Should President Obama Nominate the Next Supreme Court Justice: An Investigation

It’s official: This Supreme Court vacancy has pushed the presidential campaign into overdrive. Not even two hours after Justice Antonin Scalia’s death was announced, Republican candidate (and the GOP’s first-place finisher in the Iowa caucus) Ted Cruz came out swinging:

And Cruz isn’t alone. His opponents in the Republicans’ presidential nominating contest agree with him: Rubio, Bush, and Trump have been misleading voters and want to obstruct any nominee the President will offer.

Let’s ask the experts.

First up, the founding fathers themselves:

He shall have Power, by and with the Advice and Consent of the Senate, to make Treaties, provided two thirds of the Senators present concur; and he shall nominate, and by and with the Advice and Consent of the Senate, shall appoint Ambassadors, other public Ministers and Consuls, Judges of the Supreme Court, and all other Officers of the United States. -United States Constitution, Article II, Section 2

That seems pretty clear. There’s no “unless the next election is right around the corner” provision. In fact, at least fourteen Supreme Court justices have been confirmed in presidential election years.

It’s one thing for presidential candidates to play politics. But what about an actual, sitting president? Enter President Ronald Reagan, in the final year of his presidency:

“To make sure there is a full nine member Supreme Court to interpret the law, to protect the rights of all Americans, I urge the Senate to move quickly and decisively in confirming Judge Anthony Kennedy to the highest Court in the land.” -President Ronald Reagan, 1988

Reagan’s nominee, Supreme Court Justice Anthony Kennedy, was confirmed unanimously in the last year of Reagan’s term by a Democratic-led Senate.

Now let’s consult the seasoned, senior senators who have been through the judicial appointment process repeatedly. Here’s Chuck Grassley:

“The fact of the matter is that it has been standard practice over the last nearly 80 years that Supreme Court nominees are not nominated and confirmed during a presidential election year.” -Senate Judiciary Committee Chair Chuck Grassley (R-Iowa), 2016

Hmmm — that’s a very different tune than what he was singing eight years ago when Republican President George W. Bush asked a Democratic-controlled Senate to approve his judicial picks:

The reality is that the Senate has never stopped confirming judicial nominees during the last few months of a president’s term.” -Senate Judiciary Committee Member Chuck Grassley (R-Iowa), 2008

Perhaps it’s no surprise that Senate Majority Leader Mitch McConnell agrees with Grassley:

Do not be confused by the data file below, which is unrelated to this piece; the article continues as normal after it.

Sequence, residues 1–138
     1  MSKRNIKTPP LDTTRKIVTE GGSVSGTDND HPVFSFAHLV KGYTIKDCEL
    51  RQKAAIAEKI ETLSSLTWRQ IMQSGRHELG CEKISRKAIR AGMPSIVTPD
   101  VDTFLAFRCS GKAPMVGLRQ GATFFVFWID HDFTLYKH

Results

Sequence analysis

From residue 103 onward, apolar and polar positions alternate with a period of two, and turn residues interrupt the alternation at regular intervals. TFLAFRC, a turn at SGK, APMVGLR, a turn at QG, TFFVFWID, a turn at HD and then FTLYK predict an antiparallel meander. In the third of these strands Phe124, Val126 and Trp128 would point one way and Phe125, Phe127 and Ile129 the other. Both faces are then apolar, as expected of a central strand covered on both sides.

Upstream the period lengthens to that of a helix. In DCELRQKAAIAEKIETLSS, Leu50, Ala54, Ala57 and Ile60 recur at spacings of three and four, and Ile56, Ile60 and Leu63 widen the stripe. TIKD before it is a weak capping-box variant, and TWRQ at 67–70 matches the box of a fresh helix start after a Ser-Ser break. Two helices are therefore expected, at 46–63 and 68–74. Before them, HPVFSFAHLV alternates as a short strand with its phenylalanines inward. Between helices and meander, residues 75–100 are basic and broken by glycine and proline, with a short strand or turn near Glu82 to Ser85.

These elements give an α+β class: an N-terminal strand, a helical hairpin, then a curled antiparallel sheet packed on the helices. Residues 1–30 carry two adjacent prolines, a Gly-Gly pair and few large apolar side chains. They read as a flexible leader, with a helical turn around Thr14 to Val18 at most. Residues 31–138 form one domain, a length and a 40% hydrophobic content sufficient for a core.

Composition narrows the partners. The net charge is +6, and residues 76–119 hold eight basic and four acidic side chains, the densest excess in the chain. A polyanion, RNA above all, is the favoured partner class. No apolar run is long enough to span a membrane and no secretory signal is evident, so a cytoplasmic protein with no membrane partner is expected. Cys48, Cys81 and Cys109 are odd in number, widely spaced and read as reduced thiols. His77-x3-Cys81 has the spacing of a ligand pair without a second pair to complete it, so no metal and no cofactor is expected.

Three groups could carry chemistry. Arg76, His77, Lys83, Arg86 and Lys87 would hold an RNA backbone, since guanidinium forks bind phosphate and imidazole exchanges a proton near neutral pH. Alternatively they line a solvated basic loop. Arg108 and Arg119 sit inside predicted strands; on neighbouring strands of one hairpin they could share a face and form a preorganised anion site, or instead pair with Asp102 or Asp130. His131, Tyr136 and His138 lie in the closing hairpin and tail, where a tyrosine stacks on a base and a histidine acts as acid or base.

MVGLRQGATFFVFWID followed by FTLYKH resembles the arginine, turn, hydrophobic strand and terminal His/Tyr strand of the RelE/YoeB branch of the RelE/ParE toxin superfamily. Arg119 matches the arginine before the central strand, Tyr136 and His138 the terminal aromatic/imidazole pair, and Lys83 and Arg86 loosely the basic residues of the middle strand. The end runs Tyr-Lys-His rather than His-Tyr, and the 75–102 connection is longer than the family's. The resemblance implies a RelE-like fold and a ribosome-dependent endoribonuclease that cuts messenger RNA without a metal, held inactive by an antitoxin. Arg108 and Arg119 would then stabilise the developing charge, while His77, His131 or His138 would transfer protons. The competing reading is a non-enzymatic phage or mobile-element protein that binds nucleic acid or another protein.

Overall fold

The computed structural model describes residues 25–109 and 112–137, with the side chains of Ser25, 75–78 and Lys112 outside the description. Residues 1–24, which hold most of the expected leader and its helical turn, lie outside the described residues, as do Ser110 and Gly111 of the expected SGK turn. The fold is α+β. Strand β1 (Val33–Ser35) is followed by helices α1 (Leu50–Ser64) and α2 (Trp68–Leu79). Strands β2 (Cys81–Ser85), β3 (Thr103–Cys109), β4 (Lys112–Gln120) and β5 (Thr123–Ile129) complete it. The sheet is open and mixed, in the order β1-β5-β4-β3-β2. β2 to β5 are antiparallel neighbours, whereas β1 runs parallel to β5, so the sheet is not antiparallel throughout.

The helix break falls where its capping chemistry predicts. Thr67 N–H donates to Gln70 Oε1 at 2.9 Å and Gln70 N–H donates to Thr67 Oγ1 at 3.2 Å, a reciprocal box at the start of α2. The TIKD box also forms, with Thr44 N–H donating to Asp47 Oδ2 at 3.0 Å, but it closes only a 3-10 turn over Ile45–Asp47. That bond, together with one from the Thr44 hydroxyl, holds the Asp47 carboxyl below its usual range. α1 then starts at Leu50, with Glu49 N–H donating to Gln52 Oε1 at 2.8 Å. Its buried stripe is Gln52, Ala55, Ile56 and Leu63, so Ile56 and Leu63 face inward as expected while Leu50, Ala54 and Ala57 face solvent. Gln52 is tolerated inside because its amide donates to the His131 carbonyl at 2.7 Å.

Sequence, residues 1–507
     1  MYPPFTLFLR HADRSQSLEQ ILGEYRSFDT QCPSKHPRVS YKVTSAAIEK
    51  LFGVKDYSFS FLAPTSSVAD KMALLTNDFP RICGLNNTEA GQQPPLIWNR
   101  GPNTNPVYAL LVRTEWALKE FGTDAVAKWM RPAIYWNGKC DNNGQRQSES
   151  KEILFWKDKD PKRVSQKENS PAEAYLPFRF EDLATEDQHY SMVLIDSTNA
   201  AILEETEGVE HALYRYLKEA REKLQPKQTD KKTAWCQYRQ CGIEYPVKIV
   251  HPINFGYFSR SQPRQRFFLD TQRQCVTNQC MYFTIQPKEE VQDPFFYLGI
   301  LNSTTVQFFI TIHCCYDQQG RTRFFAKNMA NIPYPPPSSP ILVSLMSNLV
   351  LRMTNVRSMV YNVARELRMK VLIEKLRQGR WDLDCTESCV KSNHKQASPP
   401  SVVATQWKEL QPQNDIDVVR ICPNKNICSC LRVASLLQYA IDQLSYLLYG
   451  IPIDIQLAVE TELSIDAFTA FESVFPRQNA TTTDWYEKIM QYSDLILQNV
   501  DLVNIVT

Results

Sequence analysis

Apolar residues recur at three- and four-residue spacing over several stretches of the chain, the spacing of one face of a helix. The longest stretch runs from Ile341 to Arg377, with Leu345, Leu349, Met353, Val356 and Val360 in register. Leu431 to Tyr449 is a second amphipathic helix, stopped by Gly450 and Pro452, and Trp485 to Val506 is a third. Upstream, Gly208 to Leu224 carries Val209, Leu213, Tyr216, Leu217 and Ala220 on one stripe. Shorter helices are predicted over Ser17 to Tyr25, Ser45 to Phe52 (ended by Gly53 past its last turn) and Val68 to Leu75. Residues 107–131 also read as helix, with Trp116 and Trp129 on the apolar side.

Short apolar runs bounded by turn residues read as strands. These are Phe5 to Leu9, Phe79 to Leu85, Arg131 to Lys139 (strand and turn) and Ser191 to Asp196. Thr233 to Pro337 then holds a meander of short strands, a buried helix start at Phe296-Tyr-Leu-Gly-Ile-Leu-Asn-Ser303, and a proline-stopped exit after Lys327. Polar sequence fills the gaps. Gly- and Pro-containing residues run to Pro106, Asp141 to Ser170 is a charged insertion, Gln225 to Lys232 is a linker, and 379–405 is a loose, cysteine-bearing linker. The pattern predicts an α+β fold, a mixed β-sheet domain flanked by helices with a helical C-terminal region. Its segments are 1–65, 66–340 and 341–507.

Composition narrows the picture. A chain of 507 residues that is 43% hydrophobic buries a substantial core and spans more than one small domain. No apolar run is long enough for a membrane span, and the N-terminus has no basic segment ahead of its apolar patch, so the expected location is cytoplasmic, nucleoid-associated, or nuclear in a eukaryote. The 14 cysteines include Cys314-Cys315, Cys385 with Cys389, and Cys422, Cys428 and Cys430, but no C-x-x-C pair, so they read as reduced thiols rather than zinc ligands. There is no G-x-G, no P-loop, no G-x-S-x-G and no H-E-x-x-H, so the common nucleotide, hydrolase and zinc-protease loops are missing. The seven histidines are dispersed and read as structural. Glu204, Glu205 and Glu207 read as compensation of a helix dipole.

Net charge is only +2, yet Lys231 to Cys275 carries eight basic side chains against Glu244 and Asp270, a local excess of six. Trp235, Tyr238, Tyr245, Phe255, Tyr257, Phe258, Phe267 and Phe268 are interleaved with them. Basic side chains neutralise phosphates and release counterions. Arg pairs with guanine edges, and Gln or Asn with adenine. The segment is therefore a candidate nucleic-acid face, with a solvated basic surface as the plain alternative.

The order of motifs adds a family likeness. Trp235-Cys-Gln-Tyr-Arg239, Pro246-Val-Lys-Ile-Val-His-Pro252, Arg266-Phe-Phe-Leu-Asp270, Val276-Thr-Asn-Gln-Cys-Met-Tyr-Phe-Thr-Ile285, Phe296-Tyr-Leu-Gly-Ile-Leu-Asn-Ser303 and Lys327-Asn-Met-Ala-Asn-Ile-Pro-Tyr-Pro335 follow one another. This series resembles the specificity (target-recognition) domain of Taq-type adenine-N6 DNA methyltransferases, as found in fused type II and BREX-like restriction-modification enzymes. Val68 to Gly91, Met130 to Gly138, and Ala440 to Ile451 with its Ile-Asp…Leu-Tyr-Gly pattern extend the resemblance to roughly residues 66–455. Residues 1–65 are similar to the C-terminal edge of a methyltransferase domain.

He was even nice enough to put that last sentence in bold for you, so you can’t miss it.

To try to explain their obstruction, Mitch McConnell and Chuck Grassley point to something called the “Thurmond Rule,” a make-believe, unspoken understanding that a president should simply stop making judicial appointments at some point in his or her last term.

Here’s Mitch McConnell in 2008, talking about the Thurmond Rule:


The truth is that Chuck Grassley, Mitch McConnell, and their fellow Republicans were fine with the idea of judicial appointments late in George W. Bush’s term. It’s only Barack Obama exercising his presidential responsibilities that they seem to have a problem with.

There are 337 days left in Barack Obama’s presidency, and it has never, in the history of the Supreme Court, taken more than 125 days for a nominee to get a vote on the Senate floor. In fact, in recent history it’s only taken about 67 days.

If the Republicans get their way, not only will they be engaging in an unprecedented level of obstruction, they’ll likely leave the Supreme Court without a full bench on some of the most important questions we face as a nation. Without a ninth justice, ties in the court could delay decisions on abortion rights, immigration, affirmative action, voting rights, and environmental protection. It would force the lawyers and advocates who have worked so hard to get their case to the Supreme Court to start over again.

So stand with 2008 Chuck Grassley, 2008 Mitch McConnell, 1988 Ronald Reagan, and Democrats across the country. Demand that President Obama’s Supreme Court nominee receives a fair hearing and a vote on the Senate floor.

Like what you read? Give Lauren Dillon a round of applause.

From a quick cheer to a standing ovation, clap to show how much you enjoyed this story.